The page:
What are Virtues?
Virtues are good habits, that is, they give us a disposition to perform good actions. Human actions do not arise from a series of disconnected choices. We acquire dispositions that incline us to act in habitual ways. When these habits are good we call them virtues.
What are the principal virtues?
There are four main natural (cardinal) virtues that every good person needs. In addition, there are three supernatural virtues which are unique to the life of grace. The latter are also called theological virtues because they fit us for union with God.
Natural (Cardinal) virtues
Prudence – Deliberating well about what actions we should do
Justice – Rendering to each and to all what is due to them
Temperance – Curbing the passions that incite us to evil actions
Fortitude – Courage in adversity and constancy in difficult actions
Supernatural (Theological) virtues
Faith – Trustful assent of the mind and heart to God’s revealed truth
Hope – Expectant desire for attaining eternal life with God
Charity – An active will to seek the good of God and others and heavenly friendship with them
How do we achieve the virtues?
To some extent, anyone can acquire natural virtues through the discipline of repeated good actions and a well-ordered life. Nevertheless, we need the help of God’s grace, by means of the sacraments and prayer, both to acquire the supernatural virtues and even to perfect and harmonize the natural virtues.
What are Vices?
Vices are evil habits; that is, they give us a disposition to perform evil actions. We sometimes develop vices which incline us to perform evil actions. These normally involve excess or deficiency in pursuing what is good.
The seven deadly vices
These seven vices are called ‘deadly’ because of their poisonous effects on the human soul, the difficulty that is often experienced in eradicating them, and the ease with which they lead to mortal sin. They are sometimes also called the seven deadly sins or the capital sins. Each of these vices has, as a remedy, a contrary virtue linked to the cardinal virtues.
The vices may promise an easier life but they ensnare and enslave us. By contrast, the virtues may seem difficult, but they lead to our true freedom and happiness as human beings.
The seven deadly vices and their remedies
1. Pride and Humility
Pride (the problem) is a denial of the superiority of the Creator and an inflation of our ego. It leads to excessive ambition, an overestimation of our own strengths and the desire to be idolised by others. Humility (the solution) is a recognition that we are creatures and in need of God. It helps us to form a true opinion of ourselves, to disregard shallow popularity and to free us from self-obsession.
2. Envy and Fraternal charity
Envy (the problem) is an anger or sadness that other people have gifts and possessions that we want for ourselves. Charity (the solution) is gratitude for the gifts and talents of others and a desire that each and every person reaches their potential.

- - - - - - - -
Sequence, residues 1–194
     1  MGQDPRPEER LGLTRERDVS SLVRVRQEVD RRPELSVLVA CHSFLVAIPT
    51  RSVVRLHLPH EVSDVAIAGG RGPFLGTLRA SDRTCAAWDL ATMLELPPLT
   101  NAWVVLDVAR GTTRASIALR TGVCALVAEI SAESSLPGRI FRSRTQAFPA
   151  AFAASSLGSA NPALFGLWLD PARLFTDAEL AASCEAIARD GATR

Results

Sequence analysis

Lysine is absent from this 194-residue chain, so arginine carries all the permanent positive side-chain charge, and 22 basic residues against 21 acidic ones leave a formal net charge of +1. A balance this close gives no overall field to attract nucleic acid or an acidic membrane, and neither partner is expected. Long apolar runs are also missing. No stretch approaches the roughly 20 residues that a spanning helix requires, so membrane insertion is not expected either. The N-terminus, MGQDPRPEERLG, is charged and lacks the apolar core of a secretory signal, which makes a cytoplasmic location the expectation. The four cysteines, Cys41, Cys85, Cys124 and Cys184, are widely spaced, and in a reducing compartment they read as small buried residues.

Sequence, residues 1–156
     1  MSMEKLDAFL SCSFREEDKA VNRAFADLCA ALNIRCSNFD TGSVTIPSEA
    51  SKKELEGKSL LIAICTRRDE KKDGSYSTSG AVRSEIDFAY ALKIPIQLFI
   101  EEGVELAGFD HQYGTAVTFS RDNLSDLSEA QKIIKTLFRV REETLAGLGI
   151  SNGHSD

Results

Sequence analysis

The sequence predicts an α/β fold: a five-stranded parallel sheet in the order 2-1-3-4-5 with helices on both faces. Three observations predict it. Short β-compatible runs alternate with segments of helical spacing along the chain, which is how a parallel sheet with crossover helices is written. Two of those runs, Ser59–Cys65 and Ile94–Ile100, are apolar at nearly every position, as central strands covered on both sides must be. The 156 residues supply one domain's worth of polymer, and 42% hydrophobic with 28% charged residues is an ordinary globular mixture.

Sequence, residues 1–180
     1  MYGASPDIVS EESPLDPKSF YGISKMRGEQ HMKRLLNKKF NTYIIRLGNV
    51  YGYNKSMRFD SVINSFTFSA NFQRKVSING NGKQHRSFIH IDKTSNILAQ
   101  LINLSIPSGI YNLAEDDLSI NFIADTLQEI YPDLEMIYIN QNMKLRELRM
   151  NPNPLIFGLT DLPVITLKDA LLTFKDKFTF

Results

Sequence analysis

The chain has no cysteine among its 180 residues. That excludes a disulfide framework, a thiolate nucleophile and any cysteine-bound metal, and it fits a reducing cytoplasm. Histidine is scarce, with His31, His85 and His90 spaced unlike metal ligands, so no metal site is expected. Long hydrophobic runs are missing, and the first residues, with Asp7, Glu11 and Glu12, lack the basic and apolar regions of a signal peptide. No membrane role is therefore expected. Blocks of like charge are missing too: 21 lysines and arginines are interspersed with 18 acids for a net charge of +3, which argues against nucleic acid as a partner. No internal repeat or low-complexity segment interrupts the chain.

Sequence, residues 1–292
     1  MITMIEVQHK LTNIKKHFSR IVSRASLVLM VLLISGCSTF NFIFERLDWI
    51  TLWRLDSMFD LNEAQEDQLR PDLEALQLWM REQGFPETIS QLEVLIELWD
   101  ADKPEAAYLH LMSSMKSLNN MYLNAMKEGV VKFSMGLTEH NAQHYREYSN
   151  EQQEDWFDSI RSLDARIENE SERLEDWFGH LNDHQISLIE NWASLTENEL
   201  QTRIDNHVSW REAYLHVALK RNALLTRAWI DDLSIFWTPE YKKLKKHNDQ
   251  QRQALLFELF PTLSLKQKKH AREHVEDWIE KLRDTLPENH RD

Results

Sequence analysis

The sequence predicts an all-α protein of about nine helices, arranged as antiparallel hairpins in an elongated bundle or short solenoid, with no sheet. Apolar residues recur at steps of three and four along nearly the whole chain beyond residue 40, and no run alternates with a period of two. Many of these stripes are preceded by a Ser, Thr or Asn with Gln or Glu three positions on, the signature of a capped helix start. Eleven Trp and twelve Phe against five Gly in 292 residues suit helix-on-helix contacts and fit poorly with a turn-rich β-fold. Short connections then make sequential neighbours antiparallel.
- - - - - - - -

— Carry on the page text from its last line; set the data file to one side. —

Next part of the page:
3. Anger and Meekness
Anger (the problem) is a disordered state in which we take revenge on others, or an unfair opposition to a person or thing. Meekness (the solution) is a self-control, not a weakness, which allows us to master our emotions when attacked or wronged.
4. Sloth and Diligence
Sloth (the problem) is a laziness that prevents us from doing what we can achieve and should do. Diligence (the solution) is a readiness to always do what is needed. It makes even difficult tasks achievable.
5. Avarice and Liberality
Avarice (the problem) is an immoderate desire for possessions and gifts. Leads to injustice, stealing and indifference to the poor. Liberality (the solution) is a generosity towards others in sharing God’s gifts. It brings personal contentment with what we possess.
6. Gluttony and Temperance
Gluttony (the problem) is a disordered love for food and drink. It leads us to eat and drink excessively and exclusively for pleasure. Temperance (the solution) is a right use of food and drink for nourishment and pleasure. It leads to self-control in many other areas.
7. Lust and Chastity
Lust (the problem) is a disordered craving for selfish and sensual pleasure (generally sexual). It leads to abuses of the body and the family and many addictions. Chastity (the solution) is a proper use of our sexuality. It leads us to guard our heart and mind from evil influences, gives us freedom and allows us to love purely.
The Six Precepts of the Church
1. You shall attend Mass on Sundays and holy days of obligation.
2. You shall receive the sacrament of Confession (Reconciliation) at least once a year.
3. You shall receive Holy Communion at least once during the Easter season.
4. You shall keep holy the holy days of obligation.
5. You shall fast and observe abstinence on the prescribed days.
6. You shall provide for the material needs of the Church according to your ability.
THE SEVEN CORPOREAL WORKS OF MERCY
1. Feed the hungry
2. Give drink to the thirsty
3. Clothe the naked
4. Harbour the homeless
5. Visit the sick
6. Visit the imprisoned
7. Bury the dead
THE SEVEN SPIRITUAL WORKS OF MERCY
1. Convert the sinner
2. Instruct the ignorant
3. Counsel the doubtful
4. Comfort the sorrowful
5. Bear wrongs patiently
6. Forgive injustice
7. Pray for the living and dead
This article is originally from ‘CREDO: The Catholic Faith explained’ by CTS.